Girl with the single braid falling down her back,
boy with the limp or a stone in his shoe—

Old man dressed in his only white suit
walking up the road with his cane—

In those days one could buy
bread at dawn from the corner store,

little yeasty fistfuls to carry
like hot stones in each hand, careful

to avoid the dogs that snarled
and pulled at their chains

in unkempt yards— And on Mount
Santo Tomas, the twin cupped discs

of radars that marked the edge of a world
beyond which it did not seem possible

to venture: only the hawks could view
the sea from that height, or the sun

as it slipped from our grasp,
disappearing the end of each day.


In response to an entry from the Morning Porch.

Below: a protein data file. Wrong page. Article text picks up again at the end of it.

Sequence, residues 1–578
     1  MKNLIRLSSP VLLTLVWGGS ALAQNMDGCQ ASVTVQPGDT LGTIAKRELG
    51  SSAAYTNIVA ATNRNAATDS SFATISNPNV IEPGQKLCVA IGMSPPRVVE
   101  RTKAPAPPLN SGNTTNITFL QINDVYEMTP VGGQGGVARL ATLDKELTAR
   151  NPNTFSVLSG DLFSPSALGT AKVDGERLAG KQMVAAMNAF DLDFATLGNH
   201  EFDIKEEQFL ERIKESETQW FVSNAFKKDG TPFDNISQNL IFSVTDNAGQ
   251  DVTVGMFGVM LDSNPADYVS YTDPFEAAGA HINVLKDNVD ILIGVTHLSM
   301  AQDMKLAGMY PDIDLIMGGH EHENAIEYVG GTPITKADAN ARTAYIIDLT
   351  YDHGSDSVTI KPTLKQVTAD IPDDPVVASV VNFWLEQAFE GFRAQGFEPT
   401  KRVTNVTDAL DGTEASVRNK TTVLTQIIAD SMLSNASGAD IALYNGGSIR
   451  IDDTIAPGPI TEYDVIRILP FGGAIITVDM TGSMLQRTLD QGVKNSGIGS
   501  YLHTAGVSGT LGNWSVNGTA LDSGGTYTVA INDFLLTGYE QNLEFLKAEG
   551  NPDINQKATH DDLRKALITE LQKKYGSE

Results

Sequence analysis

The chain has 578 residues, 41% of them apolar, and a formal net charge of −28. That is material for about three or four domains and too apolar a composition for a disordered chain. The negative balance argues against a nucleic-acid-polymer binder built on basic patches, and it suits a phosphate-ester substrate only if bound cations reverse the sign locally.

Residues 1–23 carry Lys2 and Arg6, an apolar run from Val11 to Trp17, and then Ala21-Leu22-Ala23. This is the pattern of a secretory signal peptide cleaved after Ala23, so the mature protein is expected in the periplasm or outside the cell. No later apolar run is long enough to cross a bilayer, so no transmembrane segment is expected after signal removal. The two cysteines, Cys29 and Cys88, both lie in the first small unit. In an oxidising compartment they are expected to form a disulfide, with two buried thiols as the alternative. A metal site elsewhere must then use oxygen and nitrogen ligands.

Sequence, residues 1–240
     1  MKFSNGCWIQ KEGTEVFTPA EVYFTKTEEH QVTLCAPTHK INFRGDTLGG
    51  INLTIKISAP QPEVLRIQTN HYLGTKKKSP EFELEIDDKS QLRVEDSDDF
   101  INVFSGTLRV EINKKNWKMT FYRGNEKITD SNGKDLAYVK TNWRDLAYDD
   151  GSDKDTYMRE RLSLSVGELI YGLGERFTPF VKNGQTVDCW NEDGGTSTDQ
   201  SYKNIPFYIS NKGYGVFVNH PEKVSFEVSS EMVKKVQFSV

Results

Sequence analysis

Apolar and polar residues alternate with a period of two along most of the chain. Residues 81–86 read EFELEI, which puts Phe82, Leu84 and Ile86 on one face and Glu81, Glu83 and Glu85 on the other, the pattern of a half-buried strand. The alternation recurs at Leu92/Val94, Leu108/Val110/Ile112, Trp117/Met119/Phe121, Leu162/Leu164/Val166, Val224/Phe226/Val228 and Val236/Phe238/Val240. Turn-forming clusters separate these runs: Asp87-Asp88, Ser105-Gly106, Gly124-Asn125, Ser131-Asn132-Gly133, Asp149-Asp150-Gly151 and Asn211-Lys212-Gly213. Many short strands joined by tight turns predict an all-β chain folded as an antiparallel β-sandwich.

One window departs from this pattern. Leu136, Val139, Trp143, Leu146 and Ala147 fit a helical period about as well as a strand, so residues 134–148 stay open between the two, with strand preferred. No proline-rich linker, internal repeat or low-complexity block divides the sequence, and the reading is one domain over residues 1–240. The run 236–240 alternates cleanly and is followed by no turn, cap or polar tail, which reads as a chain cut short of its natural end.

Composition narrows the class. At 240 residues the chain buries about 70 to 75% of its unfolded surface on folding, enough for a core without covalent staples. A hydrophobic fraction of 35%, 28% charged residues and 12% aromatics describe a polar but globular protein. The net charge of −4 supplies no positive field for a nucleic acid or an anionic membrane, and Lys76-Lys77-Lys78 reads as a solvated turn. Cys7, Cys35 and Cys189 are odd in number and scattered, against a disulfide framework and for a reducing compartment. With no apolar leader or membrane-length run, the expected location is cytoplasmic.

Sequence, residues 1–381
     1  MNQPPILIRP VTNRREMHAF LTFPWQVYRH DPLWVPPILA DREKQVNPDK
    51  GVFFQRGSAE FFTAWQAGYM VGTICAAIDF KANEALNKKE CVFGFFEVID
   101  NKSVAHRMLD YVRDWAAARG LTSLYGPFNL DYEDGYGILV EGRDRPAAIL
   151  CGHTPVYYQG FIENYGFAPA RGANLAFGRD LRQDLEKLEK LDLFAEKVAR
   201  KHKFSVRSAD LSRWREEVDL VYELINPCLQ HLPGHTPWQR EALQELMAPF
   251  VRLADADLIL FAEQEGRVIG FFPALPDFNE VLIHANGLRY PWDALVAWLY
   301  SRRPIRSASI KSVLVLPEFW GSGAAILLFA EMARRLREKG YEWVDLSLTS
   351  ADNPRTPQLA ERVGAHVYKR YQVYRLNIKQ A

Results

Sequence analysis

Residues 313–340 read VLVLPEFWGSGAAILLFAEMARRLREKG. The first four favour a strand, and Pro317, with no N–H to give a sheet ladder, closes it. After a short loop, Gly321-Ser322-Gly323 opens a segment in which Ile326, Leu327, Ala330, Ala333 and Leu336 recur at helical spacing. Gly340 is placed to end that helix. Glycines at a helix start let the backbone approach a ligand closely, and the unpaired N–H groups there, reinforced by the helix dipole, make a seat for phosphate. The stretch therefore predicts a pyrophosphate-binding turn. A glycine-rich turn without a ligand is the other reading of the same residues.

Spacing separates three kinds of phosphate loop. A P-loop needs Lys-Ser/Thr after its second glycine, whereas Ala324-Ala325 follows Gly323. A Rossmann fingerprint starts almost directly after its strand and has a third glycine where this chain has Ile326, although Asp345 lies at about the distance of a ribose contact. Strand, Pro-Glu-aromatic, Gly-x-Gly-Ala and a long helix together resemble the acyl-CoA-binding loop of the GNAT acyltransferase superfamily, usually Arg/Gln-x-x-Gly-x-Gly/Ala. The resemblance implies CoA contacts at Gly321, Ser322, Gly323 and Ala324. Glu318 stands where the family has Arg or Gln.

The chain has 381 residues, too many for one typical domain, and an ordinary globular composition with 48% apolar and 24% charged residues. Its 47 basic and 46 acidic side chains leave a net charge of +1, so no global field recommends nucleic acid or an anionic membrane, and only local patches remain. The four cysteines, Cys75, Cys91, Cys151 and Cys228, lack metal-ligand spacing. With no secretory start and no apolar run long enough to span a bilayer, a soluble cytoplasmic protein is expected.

Poet Luisa A. Igloria (Poetry Foundation web page, author webpage ) is the winner of the 2015 Resurgence Prize (UK), the world’s first major award for ecopoetry, selected by former UK poet laureate Sir Andrew Motion, Alice Oswald, and Jo Shapcott. She is the author of What is Left of Wings, I Ask (2018 Center for the Book Arts Letterpress Chapbook Prize, selected by Natasha Trethewey); Bright as Mirrors Left in the Grass (Kudzu House Press eChapbook selection for Spring 2015), Ode to the Heart Smaller than a Pencil Eraser (Utah State University Press, 2014 May Swenson Prize), Night Willow (Phoenicia Publishing, 2014), The Saints of Streets (University of Santo Tomas Publishing House, 2013), Juan Luna’s Revolver (2009 Ernest Sandeen Prize, University of Notre Dame Press), and nine other books. She is a member of the core faculty of the MFA Creative Writing Program at Old Dominion University which she directed from 2009-2015. In 2018, she was the inaugural Glasgow Distinguished Writer in Residence at Washington and Lee University. When she isn’t writing, reading, or teaching, she cooks with her family, knits, hand-binds books, and listens to tango music.

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